Which brings me onto Terry Nation. I will try to avoid reference to future stories, but sometimes it is unavoidable. To-ing and fro-ing is something Nation does often, and there is a fair bit of it here. There is also the old ‘now-we-have-the- McGuffin-we-can-get-back-oh-bugger-I-dropped-it’ which he would use again in Genesis of the Daleks (and possibly others- I’ll let you know). Maybe it’s because he wasn’t ‘Terry Nation: Creator of the Daleks’ yet that these scenes actually work in story terms. Nation’s dialogue makes me appreciate that there is a fine line between the archetypal and the clichéd- some of the pronouncements by the Thals come very close, but, again, it works as part of the drama, artless and clunky though it is. However, padding is still evident- I fail to see why showing the characters jumping over a (rather small) chasm needed to take up the best part of an episode. A bit of pruning could have made the story more effective.

As far as the execution of the script goes, Martin and Barry do very well with what they have. The cliff-hanger to “The Dead Planet” is justly famous and is aided by Hill being as marvellous as ever. Tristram Cary’s musique concrete score is very effective and the ‘cinematography’ make the very best of the small, yet very creative sets.

Overall? Not in the same league as the brilliant opening story, but a good story

NEXT: The Edge of Destruction

Tuesday, 5 August 2008

100,000 B.C.

And so, we land in the middle Palaeolithic for the first of many adventures in time and space- and we are confronted with one of the most alien societies that the programme has ever depicted. This is the most uncompromising depiction of early Homo sapiens that had been seen up to this point. These are not bumbling cartoon cavemen or Victor Mature in animal skins. These are people with broken and blackened teeth, filthy and unkempt, who dominate their world, but still do not master it. They can keep the tiger at bay, but it will attack when the fire goes out. This is a society before morality because it is before the safety that is needed for ethics to develop.

The writing on "An Unearthly Child" was sound, but it is here that Coburn really excels. The story is simple- the tribe must rediscover the secret of fire or die- but Coburn uses it to probe interesting anthropological questions. The tribe have language, a vital key to skills being passed on, but have not yet learned to work as a community, that Kal is not stronger than the whole tribe. The vocabulary of the tribe is small, but Coburn and Hussein avoid the trap of having them speak in Tarzanese, and Coburn turns the paucity of their lexicon into some beautiful dialogue. Ian’s concern over the injured Za is seen as being like the only type of tenderness known to the tribe- that of a mother to a child. Coburn also deserves praise for not allowing the regulars to teach the tribe the meaning of love or mercy. Even though Ian saves Za’s life, Za shows no gratitude as it is a feeling that is simply not part of the tribe.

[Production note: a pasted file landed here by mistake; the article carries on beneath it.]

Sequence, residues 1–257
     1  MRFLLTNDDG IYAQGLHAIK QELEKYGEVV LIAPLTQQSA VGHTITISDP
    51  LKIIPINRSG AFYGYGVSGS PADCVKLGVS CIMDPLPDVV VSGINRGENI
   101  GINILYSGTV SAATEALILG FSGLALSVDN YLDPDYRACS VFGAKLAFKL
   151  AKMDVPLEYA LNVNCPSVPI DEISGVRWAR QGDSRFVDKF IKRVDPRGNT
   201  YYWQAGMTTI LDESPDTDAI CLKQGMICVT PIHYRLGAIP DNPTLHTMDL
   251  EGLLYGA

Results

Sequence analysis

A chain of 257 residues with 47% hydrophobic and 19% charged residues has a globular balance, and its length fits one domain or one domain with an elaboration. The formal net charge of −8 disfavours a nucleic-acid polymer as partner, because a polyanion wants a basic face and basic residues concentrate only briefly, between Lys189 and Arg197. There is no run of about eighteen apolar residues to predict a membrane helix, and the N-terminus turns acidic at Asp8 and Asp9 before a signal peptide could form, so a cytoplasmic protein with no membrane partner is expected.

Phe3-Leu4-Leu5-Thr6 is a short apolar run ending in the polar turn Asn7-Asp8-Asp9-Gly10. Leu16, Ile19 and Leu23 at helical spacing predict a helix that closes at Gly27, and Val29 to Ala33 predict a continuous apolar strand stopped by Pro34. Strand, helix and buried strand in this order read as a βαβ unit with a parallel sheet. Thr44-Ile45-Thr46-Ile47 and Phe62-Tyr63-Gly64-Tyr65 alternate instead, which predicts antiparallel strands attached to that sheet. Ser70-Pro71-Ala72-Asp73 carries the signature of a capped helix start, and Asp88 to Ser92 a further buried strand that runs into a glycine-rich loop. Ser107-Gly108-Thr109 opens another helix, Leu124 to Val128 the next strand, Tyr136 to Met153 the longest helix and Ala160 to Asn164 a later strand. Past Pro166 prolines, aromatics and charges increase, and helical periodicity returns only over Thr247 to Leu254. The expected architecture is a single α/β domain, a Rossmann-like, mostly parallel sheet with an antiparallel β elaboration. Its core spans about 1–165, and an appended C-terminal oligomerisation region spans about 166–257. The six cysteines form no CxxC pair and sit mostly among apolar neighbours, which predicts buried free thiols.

The performances of the supporting cast is excellent, considering that, to us, the tribe seem barely more than animals. We actually want Za to make fire and Derek Newark ably gets our support, if not our sympathy. The regulars are good too, with Ian establishing himself as the square-jawed hero. Hartnell continues to astonish as the Doctor, who is a very different figure to that which he would become. He is curious, but not interventionist and would like to get back to the TARDIS as soon as possible- it is very strongly implied that he would rather kill Za than help him. In the hands of a lesser actor, the Doctor would come out as cowardly, but what we get is determined pragmatism, and the start of a bond with Ian and Barbara.

Although not as striking as in "An Unearthly Child", Hussein’s direction is still excellent. The fight between Kal and Za constantly cuts to reaction shots from the regulars, which increases the effect of the brutality without depicting too much explicit violence. The black and white ‘cinematography’ is, again excellent, making the viewer forget that the cave is only polystyrene and making the ‘skulls of fire’ shot suitably spooky.